Zodiac
The seventh brightest star in the sky, Capella, with a magnitude of .1, is in Auriga. Capella, the she-goat, is in the Charioteer’s left shoulder, brilliant yellow in color. The Flaming Star (I.C. 405) is in Auriga and can be seen with binoculars in the winter.

The Greeks gave various accounts for this constellation. Some supposed it to be Erichthonius, the fourth king of Athens, son of Vulcan and Minerva, whose many inventions earned him his place among the constellations.

He was described as looking like a monster, which did not make him very popular, but it was Auriga who invented the chariot and the book. Maybe that is why it has been said “don’t judge a book by its cover.” It is written that Auriga was excellent in his management of horses. Both Virgil and Dryden wrote about him. Said Dryden of his chariot:

“Bold Erichthonius was the first who join’d

Four horses for the rapid race designed

And o’er the dusty wheels presiding sate.”



Other writers say Boötes invented the chariot, and that Auriga was the son of Mercury and charioteer to Oenomaus, king of Pisa. He so excelled in charioteering that he outraced everyone in Greece. But neither of these fables account for how he came to have a goat and one of her kids as his companion. They are said to be the goats of Almathaea and her sister, Melissa, who fed Jupiter goat’s milk during his infancy. As a reward for their kindness, Jupiter laced them in the arms of Auriga. Mythology has become clouded over the centuries and is at fault for this confusion.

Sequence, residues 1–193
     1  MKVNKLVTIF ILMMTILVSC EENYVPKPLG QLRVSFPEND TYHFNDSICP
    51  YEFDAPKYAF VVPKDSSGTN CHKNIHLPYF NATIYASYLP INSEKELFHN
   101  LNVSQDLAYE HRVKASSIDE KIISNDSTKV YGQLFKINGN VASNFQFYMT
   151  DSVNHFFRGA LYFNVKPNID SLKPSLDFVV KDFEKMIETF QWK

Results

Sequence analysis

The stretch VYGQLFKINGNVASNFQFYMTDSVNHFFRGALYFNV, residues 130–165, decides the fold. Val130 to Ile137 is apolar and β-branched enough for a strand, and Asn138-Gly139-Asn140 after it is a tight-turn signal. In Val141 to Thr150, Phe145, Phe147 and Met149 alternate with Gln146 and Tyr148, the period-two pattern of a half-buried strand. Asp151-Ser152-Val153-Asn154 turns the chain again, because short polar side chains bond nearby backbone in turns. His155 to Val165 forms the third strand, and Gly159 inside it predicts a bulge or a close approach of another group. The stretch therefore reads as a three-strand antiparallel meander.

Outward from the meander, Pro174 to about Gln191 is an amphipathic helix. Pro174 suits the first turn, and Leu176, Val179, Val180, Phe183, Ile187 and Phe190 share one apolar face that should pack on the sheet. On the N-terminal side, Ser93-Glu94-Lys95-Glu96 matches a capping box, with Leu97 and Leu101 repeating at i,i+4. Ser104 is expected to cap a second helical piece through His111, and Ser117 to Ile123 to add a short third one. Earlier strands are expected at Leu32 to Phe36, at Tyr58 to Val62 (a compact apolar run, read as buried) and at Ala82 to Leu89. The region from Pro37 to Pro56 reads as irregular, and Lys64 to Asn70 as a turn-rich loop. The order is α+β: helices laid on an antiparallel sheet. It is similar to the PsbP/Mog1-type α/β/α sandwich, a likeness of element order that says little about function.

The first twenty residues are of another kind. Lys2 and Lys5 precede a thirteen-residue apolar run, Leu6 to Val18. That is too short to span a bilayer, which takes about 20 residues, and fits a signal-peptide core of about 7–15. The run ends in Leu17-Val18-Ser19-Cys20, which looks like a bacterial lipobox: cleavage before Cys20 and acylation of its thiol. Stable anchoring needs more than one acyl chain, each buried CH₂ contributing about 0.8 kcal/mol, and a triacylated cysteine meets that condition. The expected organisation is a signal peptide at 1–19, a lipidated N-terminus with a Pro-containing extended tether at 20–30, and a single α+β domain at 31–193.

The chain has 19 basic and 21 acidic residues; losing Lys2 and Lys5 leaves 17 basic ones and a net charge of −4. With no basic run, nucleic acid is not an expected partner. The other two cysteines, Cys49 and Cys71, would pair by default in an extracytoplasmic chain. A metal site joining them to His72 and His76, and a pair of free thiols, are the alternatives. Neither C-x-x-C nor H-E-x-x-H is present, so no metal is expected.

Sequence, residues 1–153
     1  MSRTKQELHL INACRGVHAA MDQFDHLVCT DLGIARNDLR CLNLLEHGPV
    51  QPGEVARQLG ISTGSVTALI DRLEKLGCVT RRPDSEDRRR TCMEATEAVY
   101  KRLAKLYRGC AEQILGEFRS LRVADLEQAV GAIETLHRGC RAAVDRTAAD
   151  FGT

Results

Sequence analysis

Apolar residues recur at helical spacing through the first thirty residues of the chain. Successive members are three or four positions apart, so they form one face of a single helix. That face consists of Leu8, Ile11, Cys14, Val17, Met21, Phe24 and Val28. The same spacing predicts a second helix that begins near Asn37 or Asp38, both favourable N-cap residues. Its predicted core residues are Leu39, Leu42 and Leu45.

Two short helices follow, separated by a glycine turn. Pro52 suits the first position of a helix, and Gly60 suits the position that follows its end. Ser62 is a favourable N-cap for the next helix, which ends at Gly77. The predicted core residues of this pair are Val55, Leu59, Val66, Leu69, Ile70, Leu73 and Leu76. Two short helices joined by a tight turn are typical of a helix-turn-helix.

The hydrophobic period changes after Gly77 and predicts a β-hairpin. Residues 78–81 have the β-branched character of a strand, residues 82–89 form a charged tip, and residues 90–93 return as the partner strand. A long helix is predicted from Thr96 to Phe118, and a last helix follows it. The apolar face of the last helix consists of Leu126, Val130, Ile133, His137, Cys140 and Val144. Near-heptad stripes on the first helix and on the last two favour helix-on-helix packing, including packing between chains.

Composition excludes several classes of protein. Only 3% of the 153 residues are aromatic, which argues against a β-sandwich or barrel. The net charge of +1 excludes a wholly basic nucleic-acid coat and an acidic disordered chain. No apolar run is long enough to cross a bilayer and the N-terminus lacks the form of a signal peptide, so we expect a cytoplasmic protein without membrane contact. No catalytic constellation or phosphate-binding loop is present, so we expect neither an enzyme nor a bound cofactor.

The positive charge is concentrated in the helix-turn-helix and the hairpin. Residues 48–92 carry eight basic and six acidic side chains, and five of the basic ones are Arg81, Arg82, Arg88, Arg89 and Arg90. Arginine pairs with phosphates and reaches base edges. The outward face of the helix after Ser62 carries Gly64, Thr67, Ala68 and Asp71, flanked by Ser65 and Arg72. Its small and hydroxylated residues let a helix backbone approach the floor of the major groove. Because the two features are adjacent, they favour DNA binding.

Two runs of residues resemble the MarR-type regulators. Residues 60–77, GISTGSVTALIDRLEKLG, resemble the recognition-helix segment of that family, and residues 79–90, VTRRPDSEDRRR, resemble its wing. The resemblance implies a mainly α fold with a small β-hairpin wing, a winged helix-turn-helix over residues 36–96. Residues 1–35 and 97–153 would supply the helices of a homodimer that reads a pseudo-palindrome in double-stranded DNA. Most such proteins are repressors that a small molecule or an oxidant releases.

Other mythologists insist that since it was Boötes who invented the chariot, Auriga does not appear with one. There is also the story of how Auriga’s daughter, Hippodameia, arranged for Auriga to lose his chariot and his life.

Hippodameia was very beautiful and had so many suitors that her father devised a way to dispose of them. He decreed that anyone who wanted to marry her first had to win a chariot race with him. If the suitor lost he would be put to death. Naturally, that slimmed down the number of boyfriends hanging around the palace.

Then, along came Pelops. So taken was Hippodameia with this god-like lad, she spoke to her father’s charioteer, Myrtilus. Flashing a promise of love for him if he would fix the race, Myrtilus pulled some of the spokes off of her father’s chariot. Not only did her father lose the race, he lost his life as well. She married Pelops who took over the kingdom of Arcadia, the peninsula which we now call the Peloponnesos of Greece.